The year I went off to college my mother gave me an unusual gift: a series of obscure soccer magazines. They were specific to Conmebol (South America's soccer conference), and more importantly, strictly for the press. As I read through them I learned about the history of Conmebol and of its most important club tournament: The Copa Libertadores.
But why should I get this gift? Mother told me they came from my uncle Mauro, a world-respected soccer journalist, friend of the legendary Garrincha and a fan of Barcelona Sporting Club of Guayaquil, Ecuador. Perhaps he knew of my love for the game. It must have been so because I have over 20 cousins on my mother's side and yet the gift was especially for me. Up until that point, I had been to only a handful of futbol games. And yet he knew that following the beautiful game was one of my passions.
Regardless of the reasoning behind the gifts, my passion for the game grew stronger through the years and it led to this blog, my twitter account, and a distinct proclivity towards US Soccer and MLS.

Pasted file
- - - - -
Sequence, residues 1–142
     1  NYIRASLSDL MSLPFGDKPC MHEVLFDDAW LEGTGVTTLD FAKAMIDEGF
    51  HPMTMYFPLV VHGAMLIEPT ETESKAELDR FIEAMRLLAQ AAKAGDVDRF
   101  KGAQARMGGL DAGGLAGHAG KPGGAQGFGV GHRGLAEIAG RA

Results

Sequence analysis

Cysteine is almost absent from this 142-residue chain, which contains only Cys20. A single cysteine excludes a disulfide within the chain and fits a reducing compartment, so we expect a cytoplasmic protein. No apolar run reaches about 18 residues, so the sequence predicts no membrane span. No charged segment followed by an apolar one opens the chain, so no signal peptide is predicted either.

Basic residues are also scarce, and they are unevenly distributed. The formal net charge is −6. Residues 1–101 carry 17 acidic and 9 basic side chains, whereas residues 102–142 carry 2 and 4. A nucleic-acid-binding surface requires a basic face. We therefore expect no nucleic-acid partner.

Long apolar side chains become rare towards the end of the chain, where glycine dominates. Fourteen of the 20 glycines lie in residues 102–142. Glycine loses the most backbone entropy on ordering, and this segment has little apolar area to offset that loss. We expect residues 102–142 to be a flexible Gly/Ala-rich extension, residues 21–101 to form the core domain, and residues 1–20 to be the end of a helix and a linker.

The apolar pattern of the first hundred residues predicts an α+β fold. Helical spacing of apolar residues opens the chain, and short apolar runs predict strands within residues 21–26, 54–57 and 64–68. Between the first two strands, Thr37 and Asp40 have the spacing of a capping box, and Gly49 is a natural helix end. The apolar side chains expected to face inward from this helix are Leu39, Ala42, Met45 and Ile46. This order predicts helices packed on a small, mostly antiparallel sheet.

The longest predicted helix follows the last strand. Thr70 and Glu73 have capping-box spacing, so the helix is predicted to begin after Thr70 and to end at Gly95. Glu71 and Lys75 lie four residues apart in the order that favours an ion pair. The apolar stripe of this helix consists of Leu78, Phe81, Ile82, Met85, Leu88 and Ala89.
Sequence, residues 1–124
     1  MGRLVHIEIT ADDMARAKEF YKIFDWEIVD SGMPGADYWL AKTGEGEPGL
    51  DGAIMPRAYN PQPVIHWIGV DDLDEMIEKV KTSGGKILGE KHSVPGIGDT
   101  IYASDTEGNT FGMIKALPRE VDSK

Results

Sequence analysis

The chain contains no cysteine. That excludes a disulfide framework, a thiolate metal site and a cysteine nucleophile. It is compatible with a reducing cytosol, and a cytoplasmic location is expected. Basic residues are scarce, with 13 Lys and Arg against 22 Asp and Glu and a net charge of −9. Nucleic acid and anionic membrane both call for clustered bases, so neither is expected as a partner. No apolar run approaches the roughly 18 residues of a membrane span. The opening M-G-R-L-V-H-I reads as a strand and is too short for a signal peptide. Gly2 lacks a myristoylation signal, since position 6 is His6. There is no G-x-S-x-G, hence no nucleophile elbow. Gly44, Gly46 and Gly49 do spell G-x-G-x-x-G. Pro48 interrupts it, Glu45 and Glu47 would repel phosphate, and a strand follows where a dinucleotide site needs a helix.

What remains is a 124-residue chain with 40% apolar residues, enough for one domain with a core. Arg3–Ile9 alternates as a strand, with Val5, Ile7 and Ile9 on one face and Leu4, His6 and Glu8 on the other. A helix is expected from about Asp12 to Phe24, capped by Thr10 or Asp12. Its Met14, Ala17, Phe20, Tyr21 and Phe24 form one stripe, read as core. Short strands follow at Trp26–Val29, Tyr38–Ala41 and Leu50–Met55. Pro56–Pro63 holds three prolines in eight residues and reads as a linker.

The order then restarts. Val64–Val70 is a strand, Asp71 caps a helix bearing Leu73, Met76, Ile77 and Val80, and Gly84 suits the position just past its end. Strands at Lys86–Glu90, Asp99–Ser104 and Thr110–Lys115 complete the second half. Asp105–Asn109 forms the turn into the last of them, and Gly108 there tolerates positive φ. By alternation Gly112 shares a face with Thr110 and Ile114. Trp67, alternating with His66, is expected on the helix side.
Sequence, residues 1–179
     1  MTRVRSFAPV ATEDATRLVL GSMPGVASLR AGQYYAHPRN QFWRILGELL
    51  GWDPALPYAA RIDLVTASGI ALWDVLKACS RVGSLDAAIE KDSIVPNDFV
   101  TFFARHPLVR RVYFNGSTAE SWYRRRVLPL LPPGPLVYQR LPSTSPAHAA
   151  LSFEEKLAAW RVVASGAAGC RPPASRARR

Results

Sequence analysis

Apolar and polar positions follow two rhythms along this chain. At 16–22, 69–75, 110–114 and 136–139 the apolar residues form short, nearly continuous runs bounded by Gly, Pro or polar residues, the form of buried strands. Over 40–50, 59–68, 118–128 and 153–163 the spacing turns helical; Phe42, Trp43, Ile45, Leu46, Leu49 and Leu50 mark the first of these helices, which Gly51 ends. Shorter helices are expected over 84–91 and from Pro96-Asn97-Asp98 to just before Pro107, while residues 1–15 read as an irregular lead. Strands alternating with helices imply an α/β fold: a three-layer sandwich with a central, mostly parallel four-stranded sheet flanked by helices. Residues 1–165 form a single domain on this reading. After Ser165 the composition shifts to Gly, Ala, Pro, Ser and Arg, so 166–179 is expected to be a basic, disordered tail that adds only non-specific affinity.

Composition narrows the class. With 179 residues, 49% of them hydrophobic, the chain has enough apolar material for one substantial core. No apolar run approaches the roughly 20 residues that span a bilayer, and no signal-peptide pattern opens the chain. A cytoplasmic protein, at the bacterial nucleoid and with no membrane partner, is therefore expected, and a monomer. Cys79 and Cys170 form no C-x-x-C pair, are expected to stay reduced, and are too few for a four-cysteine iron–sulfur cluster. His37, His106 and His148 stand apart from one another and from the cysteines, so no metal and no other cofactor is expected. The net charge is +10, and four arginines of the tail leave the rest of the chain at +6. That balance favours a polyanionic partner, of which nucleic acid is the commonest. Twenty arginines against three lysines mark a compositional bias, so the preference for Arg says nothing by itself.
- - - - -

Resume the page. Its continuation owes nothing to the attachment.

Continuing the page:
I saw my uncle once again a couple of years back. He somehow knew that what I wanted was to discuss the game and to see his significant soccer library, his notes about soccer players, his relationships with individuals and his philosophy about soccer. "I follow the players," he said. And then I realized that so do I. It's not just about the games for us. It's about a player's tendencies, reactions and personality on the pitch.
This post is to honor a legend in the soccer media. Mauro Velasquez Villacis was recently awarded the "Most Illustrious Citizen of Guayaquil" award. It was given to him for his dedication towards sports journalism in Ecuador, for what he brought to the history of his country and the world at large, for the honesty and directness he employed in his work. They called him the "human computer" for his otherworldly wisdom, and most of all the award was given to him for his kindness and decency. He is an example for future generations in an age in which the public is increasingly critical of journalism, something that in his case is completely the opposite. He received an extended standing applause and was humbled to receive the award. His soccer language is as sophisticated as the use of his Spanish. Quoted by many. Respected by most. An icon in my life.
Post a Comment